I’ve been doing a series of Q&A posts over in the Connected Comedians Facebook group recently where I offer advice to anybody that’s got questions about the marketing or business side of comedy. There’s lots of great stuff in those conversations, but I wanted to share one in particular that I think many of you will find relevant.
Atlanta comedian Jamie Ward asked an interesting question about how to figure out what type of audience had the most potential for him to connect with as a relatively unknown comic.
Here was his specific question followed by my thoughts:
“I’m going to break comedy audiences down in to 3 primary groups:
Comedy nerds: Who know current comedians follow favorites and such.
General comedy audiences: Who somewhat regularly attend clubs but really only remember big names or those from TV or movies.
Casual entertainment audience: Who might attend a club once because there is a deal or they one tickets, they’re open to have a good time, but didn’t necessarily seek out comedy.
So given these three (and if there are things I haven’t thought of I’d be interested) which type of audience is the most potential for an unknown club comic to connect with? I’m not famous, not particularly unique but I do well.
And is there any advice how best to go about maximizing my connection with audiences based on their level of interest in comedy?”
It’s a good question, but I’d probably look at differently.
An audience member’s interest/connection to comedy isn’t as important as their interest/connection to the ideas/topics you discuss in your act. For example, a huge comedy fan who doesn’t have kids is less likely to connect with a comedian whose act revolves around parenting than a casual comedy fan who does have kids.
A person’s connection to comedy is a broad concept, whereas the real opportunities lie in the niches and more narrow topics. You want to figure out ways to identify who in the crowd relates to to subject matter of your comedy and/or find ways to get yourself in front of crowds that have a lot of those people in them.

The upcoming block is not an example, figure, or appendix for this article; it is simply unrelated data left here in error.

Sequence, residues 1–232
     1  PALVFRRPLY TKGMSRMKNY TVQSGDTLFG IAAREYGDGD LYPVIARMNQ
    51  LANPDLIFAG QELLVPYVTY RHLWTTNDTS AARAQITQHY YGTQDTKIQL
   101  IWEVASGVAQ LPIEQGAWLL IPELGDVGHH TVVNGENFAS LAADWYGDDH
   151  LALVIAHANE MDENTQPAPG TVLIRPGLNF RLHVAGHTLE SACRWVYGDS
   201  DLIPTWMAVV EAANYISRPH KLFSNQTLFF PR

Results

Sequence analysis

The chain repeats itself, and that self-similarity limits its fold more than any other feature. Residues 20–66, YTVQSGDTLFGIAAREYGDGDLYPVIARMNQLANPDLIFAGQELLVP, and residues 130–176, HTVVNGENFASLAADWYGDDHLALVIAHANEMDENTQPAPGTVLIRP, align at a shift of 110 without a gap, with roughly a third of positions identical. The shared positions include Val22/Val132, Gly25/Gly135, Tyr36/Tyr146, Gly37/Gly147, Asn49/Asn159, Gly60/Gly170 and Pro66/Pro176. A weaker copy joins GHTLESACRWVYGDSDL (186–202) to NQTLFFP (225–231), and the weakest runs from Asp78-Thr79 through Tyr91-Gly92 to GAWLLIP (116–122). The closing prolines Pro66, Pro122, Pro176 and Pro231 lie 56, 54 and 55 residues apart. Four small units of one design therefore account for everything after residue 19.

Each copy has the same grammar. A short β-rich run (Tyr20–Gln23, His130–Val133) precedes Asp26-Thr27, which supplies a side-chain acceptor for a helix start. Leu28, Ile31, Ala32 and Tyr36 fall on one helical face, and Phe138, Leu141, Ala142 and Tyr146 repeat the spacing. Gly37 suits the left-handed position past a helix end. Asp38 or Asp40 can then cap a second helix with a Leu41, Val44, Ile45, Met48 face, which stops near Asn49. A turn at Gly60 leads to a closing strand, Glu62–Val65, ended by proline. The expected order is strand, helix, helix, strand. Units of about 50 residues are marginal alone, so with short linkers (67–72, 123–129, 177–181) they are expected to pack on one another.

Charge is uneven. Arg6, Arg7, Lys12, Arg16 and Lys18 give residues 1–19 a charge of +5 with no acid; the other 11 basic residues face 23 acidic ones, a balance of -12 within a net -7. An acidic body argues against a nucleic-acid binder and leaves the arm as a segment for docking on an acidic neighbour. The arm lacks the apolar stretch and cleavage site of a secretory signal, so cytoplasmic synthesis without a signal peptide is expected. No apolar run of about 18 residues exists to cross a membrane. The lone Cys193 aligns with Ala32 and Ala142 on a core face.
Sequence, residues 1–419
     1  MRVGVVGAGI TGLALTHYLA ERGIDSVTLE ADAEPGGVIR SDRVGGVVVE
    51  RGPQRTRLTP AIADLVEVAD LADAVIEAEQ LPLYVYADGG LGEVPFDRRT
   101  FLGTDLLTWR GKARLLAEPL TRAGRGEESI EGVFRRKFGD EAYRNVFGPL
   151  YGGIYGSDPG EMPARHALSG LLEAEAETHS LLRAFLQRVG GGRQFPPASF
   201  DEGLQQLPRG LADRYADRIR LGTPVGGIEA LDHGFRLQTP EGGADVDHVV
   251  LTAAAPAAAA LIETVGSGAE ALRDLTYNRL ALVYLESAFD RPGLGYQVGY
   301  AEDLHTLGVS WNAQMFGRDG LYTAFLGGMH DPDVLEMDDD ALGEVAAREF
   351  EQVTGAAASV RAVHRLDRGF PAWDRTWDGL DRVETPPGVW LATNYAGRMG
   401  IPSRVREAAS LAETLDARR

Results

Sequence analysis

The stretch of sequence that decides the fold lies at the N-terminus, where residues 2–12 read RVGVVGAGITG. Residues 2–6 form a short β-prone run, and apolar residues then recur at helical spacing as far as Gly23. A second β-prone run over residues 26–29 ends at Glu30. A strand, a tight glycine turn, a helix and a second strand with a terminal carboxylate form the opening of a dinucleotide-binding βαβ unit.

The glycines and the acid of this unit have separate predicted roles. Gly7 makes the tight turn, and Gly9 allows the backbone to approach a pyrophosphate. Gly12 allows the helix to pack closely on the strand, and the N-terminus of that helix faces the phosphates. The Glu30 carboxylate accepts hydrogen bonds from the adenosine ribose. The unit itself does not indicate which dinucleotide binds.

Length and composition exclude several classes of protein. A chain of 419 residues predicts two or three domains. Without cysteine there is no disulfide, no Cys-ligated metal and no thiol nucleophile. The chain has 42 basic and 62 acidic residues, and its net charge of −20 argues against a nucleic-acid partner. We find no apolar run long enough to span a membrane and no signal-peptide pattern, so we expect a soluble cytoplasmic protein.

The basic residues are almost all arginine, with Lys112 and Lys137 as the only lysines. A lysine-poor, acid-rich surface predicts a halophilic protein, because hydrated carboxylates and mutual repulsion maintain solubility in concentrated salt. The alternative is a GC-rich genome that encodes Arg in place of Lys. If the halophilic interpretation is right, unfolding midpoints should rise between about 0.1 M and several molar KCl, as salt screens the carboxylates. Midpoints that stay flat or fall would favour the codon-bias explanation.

Another thing I’d say is that if you approach it as how do you get people to be interested in YOU as opposed to just interested in your comedy, that can also help you build a stronger connection to people.
It’s one thing to be funny, it’s another to be interesting.
Funny is the minimum, but the way to really connect with people on a more long-term level is for them to become interested in you. There’s no one way to do that, but if you think about it, most comedians that build large, passionate, fanbases have done so with more than just their ability to make people laugh.
There was a lot of interesting stuff about George Carlin beyond just his jokes – people wanted to hear his take and opinion on things. He made them curious to what he had to say – even if it wasn’t always funny.
Chris Rock is like that as well. He’s funny, and he has a great act, but if he’s being interviewed somewhere, people probably are interested to hear what he has to say because they’re interested in him and his view of the world, not just his comedy.
I’ve said this before, but I think it always helps to think about things from the flipside of your perspective as a comedy creator – take a moment to think about what you respond to as a consumer of comedy.
You see a ton of comedians perform I’m sure – what is it about the ones that resonate with you, the ones that make you want to have a connection with them beyond the first time you see them perform? What is it about the ones that make you want to tell other people about them? What do they do that makes them stand out?
I’m sure you see tons of funny comics that you don’t really feel a need to follow or engage with beyond the moment you see them. But the ones that intrigue you – think about what they have that the others don’t and think about how you can incorporate your version of that into what you do.
One more note about your comment “I’m not particularly unique.” I barely know you and I completely disagree.
First of all, everybody is unique – it’s just that most people don’t understand what’s unique about them or they’re afraid to show it. Most people are wired to try to fit in, which is essentially another way of saying that human nature is designed to hide what’s unique about you.
The trick for a comedian is to do the opposite and share/focus on what’s different about you, not what makes you fit in. I guarantee that every show you do, there’s nobody else on that stage that has similar life experiences to you. You’re completely unique, but if you don’t perceive yourself in that way, how can you expect an audience to?
It’s got to start with you…
READ THIS NEXT: 4 Ways To Get Comedy Club Audiences To Remember Your Name